After that, there are lower-tier state universities, two-year community colleges and, worst of all, for-profit degree mills like the University of Phoenix which exist largely to lure low-income students into debt and extract Federal grant money, with only a minority ever completing their courses.

Australia has always had a stratified system, but to a much lesser extent. (More on the history when I get a chance). The big question facing policy is whether to increase stratification, by widening the gap between the “Group of 8″ and the rest, or to treat tertiary education like other public services, available to all who can benefit from it, at the best quality we can provide for everyone.

University education systems mirror and recreate the society to which they belong. A highly stratified system, like that in the US and UK, reflects and reinforces a class-bound society in which the best thing you can do in life is to choose the right parents. We should be aiming at less stratification, not more.

Update Just by chance, one of the lead articles in the NY Times advises that, thanks to increased international intakes, the number of places for domestic undergraduates at the Ivies has fallen sharply

Joining a sinking ship

April 26th, 2014 39 comments

According to news reports, Education Minister Christopher Pyne is going to reprise his successful Gonski exercise of last year with an attempt to remodel the Australian university system along US lines, as recommended by former Howard education minister David Kemp and his adviser Andrew Norton. In particular, he hopes to expand the role of the private sector.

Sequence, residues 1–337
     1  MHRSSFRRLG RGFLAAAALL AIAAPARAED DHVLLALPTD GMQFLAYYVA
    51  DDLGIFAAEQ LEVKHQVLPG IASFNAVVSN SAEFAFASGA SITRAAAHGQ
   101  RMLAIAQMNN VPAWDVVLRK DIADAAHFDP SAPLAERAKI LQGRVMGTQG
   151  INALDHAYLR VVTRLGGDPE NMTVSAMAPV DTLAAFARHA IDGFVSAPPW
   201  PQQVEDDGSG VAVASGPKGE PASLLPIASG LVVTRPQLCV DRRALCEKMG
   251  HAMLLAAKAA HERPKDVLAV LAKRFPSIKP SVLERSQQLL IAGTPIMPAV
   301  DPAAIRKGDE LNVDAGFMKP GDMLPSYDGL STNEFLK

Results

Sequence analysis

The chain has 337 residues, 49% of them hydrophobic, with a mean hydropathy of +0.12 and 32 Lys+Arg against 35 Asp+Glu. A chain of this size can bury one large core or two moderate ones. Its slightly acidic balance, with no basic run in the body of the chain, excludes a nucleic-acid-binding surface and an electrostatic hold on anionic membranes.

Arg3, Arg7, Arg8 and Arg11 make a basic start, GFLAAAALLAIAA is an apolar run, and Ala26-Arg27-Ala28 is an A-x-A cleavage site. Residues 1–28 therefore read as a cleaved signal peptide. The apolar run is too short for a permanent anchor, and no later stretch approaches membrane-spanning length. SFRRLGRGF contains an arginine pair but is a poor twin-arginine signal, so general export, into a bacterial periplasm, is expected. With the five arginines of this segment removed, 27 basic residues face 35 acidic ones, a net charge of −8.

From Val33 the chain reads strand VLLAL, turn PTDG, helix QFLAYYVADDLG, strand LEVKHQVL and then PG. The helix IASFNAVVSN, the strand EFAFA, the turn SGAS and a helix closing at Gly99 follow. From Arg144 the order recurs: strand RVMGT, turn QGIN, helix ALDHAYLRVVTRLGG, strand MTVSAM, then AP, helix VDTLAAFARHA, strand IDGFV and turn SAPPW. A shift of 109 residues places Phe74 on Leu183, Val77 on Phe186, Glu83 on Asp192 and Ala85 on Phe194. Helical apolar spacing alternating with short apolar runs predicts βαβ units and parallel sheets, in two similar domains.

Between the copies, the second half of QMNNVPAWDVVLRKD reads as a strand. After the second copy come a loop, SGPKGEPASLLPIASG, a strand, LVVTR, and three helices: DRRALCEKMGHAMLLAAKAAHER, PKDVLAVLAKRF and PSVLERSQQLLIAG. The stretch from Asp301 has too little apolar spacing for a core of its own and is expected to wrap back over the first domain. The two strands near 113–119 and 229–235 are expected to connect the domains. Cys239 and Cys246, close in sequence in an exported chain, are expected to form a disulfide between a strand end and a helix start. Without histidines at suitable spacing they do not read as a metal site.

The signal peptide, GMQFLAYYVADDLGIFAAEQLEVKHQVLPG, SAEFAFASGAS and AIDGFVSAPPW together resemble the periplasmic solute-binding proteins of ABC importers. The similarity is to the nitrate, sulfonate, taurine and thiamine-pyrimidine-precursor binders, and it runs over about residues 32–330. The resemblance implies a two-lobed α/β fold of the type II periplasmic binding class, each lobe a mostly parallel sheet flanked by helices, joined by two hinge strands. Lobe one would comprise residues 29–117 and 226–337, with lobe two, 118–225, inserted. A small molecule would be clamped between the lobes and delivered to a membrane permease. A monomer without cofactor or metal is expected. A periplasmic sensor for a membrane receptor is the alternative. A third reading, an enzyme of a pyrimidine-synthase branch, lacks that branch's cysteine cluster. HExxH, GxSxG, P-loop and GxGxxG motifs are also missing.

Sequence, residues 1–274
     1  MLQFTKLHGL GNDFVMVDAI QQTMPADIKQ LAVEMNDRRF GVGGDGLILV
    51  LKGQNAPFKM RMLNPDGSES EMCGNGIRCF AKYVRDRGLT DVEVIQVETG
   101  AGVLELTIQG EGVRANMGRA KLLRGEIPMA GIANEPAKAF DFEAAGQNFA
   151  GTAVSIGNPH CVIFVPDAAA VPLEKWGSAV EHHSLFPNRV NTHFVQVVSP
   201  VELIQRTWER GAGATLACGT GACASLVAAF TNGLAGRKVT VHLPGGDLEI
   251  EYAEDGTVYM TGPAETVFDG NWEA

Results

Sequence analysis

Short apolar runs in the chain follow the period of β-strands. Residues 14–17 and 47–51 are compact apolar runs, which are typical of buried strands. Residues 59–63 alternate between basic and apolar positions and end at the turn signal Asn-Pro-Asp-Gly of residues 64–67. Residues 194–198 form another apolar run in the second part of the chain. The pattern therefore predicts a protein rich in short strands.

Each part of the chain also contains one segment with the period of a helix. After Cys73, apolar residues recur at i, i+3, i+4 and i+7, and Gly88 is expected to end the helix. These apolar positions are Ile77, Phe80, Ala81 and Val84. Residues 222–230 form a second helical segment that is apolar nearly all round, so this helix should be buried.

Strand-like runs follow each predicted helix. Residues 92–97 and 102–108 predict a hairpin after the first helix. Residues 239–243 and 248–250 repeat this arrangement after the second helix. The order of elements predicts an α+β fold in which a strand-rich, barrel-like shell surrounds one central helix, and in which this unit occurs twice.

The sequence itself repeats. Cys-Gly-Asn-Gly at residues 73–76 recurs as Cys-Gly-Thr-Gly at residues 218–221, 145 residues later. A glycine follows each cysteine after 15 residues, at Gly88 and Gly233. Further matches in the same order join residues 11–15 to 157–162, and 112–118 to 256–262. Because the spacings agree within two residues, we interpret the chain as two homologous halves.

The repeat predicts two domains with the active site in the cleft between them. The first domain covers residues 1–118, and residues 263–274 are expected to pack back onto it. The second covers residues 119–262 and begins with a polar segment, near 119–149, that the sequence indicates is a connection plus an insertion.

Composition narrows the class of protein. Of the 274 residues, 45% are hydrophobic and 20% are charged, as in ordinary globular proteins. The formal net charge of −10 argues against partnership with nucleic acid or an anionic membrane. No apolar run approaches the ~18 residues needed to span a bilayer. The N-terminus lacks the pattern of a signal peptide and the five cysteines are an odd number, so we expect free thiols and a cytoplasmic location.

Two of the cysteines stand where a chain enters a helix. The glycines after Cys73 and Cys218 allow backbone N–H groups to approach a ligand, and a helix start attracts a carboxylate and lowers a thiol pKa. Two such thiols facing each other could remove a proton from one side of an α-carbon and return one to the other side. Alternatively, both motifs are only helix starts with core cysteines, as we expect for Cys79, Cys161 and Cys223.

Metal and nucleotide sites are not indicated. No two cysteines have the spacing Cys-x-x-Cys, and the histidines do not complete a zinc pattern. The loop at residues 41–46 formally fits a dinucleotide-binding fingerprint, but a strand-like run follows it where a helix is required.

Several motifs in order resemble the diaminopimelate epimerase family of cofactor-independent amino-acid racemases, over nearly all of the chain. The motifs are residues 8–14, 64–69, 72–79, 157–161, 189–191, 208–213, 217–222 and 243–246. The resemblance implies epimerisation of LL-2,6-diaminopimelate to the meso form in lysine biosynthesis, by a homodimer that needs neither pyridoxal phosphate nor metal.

Apparently none of these people have read the stream of reports coming out of the US making the points that

* Whereas the US was once the world leader in the proportion of young people getting university education it now trails much of the OECD (including, if I got the numbers right, Australia)
* US university education, even in the state system, is ruinously unaffordable
* The top tiers of the US system are increasingly closed to students from all but the top 5 per cent (or less) of the income distribution
* The US has the most inequality and some of the lowest social mobility in the developed world
* For-profit education in the US is a scam, based on exactly the mechanism promoted by Kemp and Norton, namely access to public funding/

The US tertiary education system is now like the US health system: world-beating for the 1 per cent, high-quality but incredibly expensive for the top 20, unaffordable or non-existent for the middle class and the poor. And this is the model the LNP wants to emulate

Categories: Economic policy, Oz Politics Tags: